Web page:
required and optional capabilities. These lists may be sent in HTTP
exchanges and may also be present in HTML anchors (this will determine,
in part, whether additional protocol exchanges are required). The sender
selects an appropriate choice from the list based on the sender's own
capabilities and policies. The information used to negotiate algorithms
and formats is not authenticated. This allows an active attacker to cause
two parties to use a particular selection common to both parties rather
than having a party's own selection logic invoked. So long as both the
client and server enforce a check that appropriate protection is applied
to all transactions, this is not a major issue. It may result in weaker
cryptographic protection being applied to an association than ``should''
have been used.
SHTTP provides a rich set of options in terms of services, formats, and algorithms. Consequently, there is a significant possibility of having independent, compliant implementations which are not capable of interoperating. Definition of minimum essential requirements (MERs) or standard profiles would enhance the likelihood of interoperability.
The information which may be conveyed depends upon the format/domain selected. Certification path information may always be sent while PKCS-7 encapsulation also supports transfer of CRLs. Authorization data is not currently addressed. It is important that certificates used with SHTTP provide identification information which can meaningfully be compared with identity information used with HTTP.
There is no explicit mechanism to deal with compromise recovery for outband or shared secret keys managed externally. This should be dealt with through whatever mechanism is used to manage such keys.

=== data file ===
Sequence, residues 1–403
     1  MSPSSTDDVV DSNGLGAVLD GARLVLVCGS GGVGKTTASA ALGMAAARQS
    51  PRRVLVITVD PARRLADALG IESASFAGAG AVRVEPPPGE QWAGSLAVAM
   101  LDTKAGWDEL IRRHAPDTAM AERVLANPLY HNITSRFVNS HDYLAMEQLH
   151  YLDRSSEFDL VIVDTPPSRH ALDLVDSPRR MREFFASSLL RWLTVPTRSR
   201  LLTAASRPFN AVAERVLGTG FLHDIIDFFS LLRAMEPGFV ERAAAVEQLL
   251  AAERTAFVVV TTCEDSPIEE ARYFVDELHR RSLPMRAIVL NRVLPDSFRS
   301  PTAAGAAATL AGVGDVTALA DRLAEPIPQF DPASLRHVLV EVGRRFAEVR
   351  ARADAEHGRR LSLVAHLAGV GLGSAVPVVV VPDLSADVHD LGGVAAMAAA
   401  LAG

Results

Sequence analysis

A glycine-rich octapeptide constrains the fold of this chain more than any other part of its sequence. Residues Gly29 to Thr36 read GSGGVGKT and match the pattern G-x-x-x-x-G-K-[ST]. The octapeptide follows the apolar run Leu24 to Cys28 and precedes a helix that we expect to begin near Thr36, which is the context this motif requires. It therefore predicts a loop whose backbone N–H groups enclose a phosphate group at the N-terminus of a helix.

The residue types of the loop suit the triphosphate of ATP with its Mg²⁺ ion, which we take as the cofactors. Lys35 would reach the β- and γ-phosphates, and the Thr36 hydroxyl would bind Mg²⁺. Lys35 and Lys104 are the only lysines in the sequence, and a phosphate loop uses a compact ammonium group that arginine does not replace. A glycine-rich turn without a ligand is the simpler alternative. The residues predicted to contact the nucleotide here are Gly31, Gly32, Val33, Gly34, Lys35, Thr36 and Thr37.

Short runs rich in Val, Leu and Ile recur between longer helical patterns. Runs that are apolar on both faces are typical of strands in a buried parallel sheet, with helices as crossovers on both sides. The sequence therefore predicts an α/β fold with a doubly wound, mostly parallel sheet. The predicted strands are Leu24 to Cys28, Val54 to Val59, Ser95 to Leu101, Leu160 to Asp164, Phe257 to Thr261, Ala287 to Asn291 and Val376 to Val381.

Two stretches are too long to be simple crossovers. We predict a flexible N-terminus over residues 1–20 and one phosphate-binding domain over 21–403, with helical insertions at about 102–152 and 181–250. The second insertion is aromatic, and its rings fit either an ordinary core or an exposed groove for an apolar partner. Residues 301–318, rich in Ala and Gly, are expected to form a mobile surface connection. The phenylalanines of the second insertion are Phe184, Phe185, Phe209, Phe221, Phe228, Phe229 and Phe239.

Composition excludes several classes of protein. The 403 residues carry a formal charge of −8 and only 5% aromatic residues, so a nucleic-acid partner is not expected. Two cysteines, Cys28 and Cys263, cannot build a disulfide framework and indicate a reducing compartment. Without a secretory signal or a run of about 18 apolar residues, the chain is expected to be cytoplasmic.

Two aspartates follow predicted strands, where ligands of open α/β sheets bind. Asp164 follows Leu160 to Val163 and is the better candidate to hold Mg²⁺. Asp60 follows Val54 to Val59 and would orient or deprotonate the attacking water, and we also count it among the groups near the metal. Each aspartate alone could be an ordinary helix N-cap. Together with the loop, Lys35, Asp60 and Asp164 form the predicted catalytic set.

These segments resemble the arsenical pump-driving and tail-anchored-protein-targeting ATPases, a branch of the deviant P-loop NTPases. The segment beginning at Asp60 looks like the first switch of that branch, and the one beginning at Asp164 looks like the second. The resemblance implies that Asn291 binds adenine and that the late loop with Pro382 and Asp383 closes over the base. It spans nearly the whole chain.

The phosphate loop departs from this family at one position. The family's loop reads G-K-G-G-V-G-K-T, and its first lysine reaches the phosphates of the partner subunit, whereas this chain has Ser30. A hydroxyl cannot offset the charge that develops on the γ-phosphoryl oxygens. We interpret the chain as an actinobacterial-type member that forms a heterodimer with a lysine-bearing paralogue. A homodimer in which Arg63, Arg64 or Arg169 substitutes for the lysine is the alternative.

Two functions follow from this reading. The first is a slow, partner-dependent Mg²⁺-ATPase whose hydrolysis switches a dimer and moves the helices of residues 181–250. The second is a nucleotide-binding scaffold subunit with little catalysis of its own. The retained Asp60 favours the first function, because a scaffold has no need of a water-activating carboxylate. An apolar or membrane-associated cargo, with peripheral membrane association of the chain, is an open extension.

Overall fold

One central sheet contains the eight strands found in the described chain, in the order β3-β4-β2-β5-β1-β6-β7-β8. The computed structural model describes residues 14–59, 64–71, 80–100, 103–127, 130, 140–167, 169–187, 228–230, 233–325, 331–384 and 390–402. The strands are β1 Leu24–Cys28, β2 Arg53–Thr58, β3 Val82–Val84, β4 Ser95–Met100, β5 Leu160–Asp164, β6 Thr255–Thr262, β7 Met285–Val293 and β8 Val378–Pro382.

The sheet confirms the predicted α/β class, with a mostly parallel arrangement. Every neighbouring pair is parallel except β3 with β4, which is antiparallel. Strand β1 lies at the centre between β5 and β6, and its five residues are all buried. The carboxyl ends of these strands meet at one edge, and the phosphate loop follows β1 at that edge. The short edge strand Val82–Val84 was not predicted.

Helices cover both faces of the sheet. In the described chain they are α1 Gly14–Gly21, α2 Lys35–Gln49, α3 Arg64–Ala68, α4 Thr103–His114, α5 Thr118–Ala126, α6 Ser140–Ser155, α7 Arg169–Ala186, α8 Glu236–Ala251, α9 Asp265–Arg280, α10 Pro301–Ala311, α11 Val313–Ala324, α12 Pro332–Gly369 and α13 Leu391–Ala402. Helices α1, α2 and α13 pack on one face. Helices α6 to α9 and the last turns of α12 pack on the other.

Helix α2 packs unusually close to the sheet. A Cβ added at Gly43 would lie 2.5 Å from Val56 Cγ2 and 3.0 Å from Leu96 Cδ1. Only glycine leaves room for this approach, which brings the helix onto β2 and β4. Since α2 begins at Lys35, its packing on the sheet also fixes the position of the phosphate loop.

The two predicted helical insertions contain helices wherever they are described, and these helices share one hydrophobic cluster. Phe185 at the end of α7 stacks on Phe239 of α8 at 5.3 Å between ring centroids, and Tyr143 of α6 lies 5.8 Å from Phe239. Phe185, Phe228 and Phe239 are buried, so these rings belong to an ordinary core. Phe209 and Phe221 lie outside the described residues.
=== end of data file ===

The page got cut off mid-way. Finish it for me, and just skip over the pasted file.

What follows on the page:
The security services provided by SHTTP appear to be robust in the presence of active or passive attackers to the extent that robust cryptographic algorithms are selected.
Local clocks are used as one basis of ensuring freshness of transactions. Based on the reliability and accuracy of local clocks, this is a weak mechanism.
There are no constraints in SHTTP which represent concerns about the longevity of the protection, given the flexibility in algorithms.
SHTTP provides a very rich set of options for applying security services.
The specification describes these tools, but is not clear in guiding the
use of these options. Additional explanation, and especially the
inclusion of examples, would enhance the ability to implement compatible
SHTTP does make use of other standard security encapsulations (PEM, PGP, PKCS-7) to apply the security services and this should facilitate interoperability and integration in client environments. SHTTP's architectural placement requires integration with the HTTP processing engine; however, the security processing may be performed by an external filter (especially given the use of existing security protocol encapsulations).
SHTTP relies on error codes and handling sent in HTTP. This allows protection of the error information and makes use of defined processing rules which provides a good basis for error handling.